“Although Rick Yancey continues to do a wonderful job in this book, I must say The Curse of the Wendigo is not as good as the first one, The Monstrumologist. With rich vocabularies and the same great descriptive tone, the author helps the readers visualize Warthrop's arduous journey and Chanler's gory actions toward his victims. The story is fast-moving and definitely suspending. However, I notice that the climaxes in both the first book and this one share the same pattern. In both books, the group of monstrumologists split up and William ends up having to confront the beast all by himself. Then after an exhausting struggle, Warthrop finally shows up and helps him.
All in all, I still think this is a good book though and it is clear that Yancey puts a great amount of effort into this series. ”
“It was good in parts but in others it rmbled on inncessitantly. I wish it where shorter.”BlowfishJonas wrote this review Monday, January 21, 2013. ( reply | permalink ) Was this review helpful? Yes | No
“Horror is not my thing. Rich vocabulary, vivid imagry, gagging reflexes on my part. That dead baby was the last straw.”Beth M wrote this review Wednesday, January 9, 2013. ( reply | permalink ) Was this review helpful? Yes | No
“While searching for a good friend of the doctor's, the doctor and his young assistant discover a horror in the wilds of Canada. Some mythology is real.
The book is considered juvenile fiction and I strongly disagree for two reasons. The verbage is so flowery and verbose that most youth of today wouldn't have a clue what the author was talking about. It is a Victorian Horror novel at it's very worst. Secondly, the death scenes were so graphic and grotesque, I would never let my child read such filth. They would have nightmares for weeks.”
“This was truly a masterpiece. In terms of the narrative it proceeds at a good clip. It is engaging and fun. The real power of the story comes from the heady but never cumbersome philosophy and attention to detail of the made up science of Monstrumology. The single best portion of the book comes when the young protagonist realizes that his future profession is going to continually ram his face into one off the great moral questions, the problem of evil succinctly put in the following phrase, "In the name of all that is holy, tell me why God felt the need to make a hell? It feels so redundant." What a classic line!”John B wrote this review Saturday, December 1, 2012. ( reply | permalink ) Was this review helpful? Yes | No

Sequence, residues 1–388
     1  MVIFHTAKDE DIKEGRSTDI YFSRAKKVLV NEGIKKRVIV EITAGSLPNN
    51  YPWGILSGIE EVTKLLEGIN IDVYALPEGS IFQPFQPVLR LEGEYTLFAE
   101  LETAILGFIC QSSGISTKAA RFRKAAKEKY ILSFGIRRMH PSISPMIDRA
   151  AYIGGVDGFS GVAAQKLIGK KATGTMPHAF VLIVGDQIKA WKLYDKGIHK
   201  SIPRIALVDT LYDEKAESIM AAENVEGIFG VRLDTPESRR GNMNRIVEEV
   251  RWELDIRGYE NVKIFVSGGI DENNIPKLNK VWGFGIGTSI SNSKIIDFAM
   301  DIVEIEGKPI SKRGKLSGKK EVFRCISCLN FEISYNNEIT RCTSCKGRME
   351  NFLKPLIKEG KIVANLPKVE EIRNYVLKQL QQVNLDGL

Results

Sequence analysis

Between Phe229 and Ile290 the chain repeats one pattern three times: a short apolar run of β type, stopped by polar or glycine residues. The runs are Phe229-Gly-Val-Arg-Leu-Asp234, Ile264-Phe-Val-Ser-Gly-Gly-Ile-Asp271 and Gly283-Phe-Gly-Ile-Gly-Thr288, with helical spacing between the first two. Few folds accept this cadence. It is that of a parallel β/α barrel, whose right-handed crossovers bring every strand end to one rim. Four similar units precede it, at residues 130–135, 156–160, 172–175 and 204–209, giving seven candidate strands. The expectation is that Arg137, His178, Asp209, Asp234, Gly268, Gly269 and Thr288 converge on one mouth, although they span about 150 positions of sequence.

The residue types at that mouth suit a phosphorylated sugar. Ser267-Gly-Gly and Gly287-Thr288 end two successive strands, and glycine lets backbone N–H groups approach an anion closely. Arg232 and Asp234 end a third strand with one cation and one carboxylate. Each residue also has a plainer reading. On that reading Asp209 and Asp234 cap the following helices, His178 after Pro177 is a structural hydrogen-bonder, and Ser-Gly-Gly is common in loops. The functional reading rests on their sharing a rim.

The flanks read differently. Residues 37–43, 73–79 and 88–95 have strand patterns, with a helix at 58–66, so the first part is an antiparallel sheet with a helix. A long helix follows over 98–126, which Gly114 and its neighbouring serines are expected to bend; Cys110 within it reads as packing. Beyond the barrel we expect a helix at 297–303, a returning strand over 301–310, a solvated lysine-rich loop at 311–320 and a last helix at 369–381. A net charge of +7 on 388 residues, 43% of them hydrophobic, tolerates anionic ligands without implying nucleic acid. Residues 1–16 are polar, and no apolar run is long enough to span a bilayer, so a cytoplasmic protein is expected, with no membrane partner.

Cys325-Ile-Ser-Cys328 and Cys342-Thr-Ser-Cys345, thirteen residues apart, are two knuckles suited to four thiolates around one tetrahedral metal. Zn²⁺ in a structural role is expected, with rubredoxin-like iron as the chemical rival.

“The second book in the Monstrumologist series is not as good as the first, but still worth reading especially if you enjoyed the first book. Will Henry finds himself in danger again as his master, Dr. Pellinore Warthrop, sets out to find his friend, John Chanler, who has disappeared in the Canadian wilderness. John has gone, at the behist of the Mustromoligist Society's President von Helrung, to find a Wendigo that is said to inhabit the area around a small town and Cree reservation. John disappears and then his guide also goes missing. Dr. Warthrop, Will and their guide, Mountie Hawk go in search of John and find him near death hidden in the Cree village. When the rescuers set out to return with John to civilization, they find themselves lost and followed by something they don't see, but sense. Dr. Warthrop returns John to his wife, Muriel and the two return to New York City. John is no longer the same man and a startling chain of events looses a terrifying monster on the friends and family of John Chanler with devastating results. If you are a fan of the first book, this is a must read. Just Read It!”Pat K wrote this review Monday, November 19, 2012. ( reply | permalink ) Was this review helpful? Yes | No
“The second book in The Monstrumologist series. Dr. Warthrop receives a plea from an old friend to seek her husband who has gone missing in the Canadian wilderness seeking a mysterious creature that feeds on human flesh. Even though the Dr. does not believe in the creature's existence, he and Will Henry head north to rescue his old friend and discover a terrifying truth.”Iceangel9 wrote this review Monday, October 29, 2012. ( reply | permalink ) Was this review helpful? Yes | No
“I'll say what I said about The Monstrumologist, this book is not for the faint of heart. The horror in this story is really horrific, often hard to read. It's bleak, desperate, and scary. But I am finding myself very attached to William Henry and Dr. Warthrop, even though I know they can't possibly meet happy ends. Fabulous and scary writing.”Emily T wrote this review Wednesday, June 27, 2012. ( reply | permalink ) Was this review helpful? Yes | No
“I need the next book soooo bad! This series is addictive! I love that the author chose to give the second book in the series an entirely different feeling than the first book. You really get an opportunity to view things from Will Henry's point of view as the view of a child growing up in very complicated situations. And, as we all suspected, the doctor does actually have a heart; even if it was once broken into many pieces. These books are so refreshingly unique, all I can say is Thank You for the beautiful writing Rick Yancey. :)”MT wrote this review Tuesday, June 5, 2012. ( reply | permalink ) Was this review helpful? Yes | No